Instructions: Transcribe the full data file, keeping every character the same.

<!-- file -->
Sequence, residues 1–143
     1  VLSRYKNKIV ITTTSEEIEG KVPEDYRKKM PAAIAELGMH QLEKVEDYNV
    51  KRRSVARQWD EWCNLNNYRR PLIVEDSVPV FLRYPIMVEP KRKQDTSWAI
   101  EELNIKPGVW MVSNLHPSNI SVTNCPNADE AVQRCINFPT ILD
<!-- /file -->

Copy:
Sequence, residues 1–143
     1  VLSRYKNKIV ITTTSEEIEG KVPEDYRKKM PAAIAELGMH QLEKVEDYNV
    51  KRRSVARQWD EWCNLNNYRR PLIVEDSVPV FLRYPIMVEP KRKQDTSWAI
   101  EELNIKPGVW MVSNLHPSNI SVTNCPNADE AVQRCINFPT ILD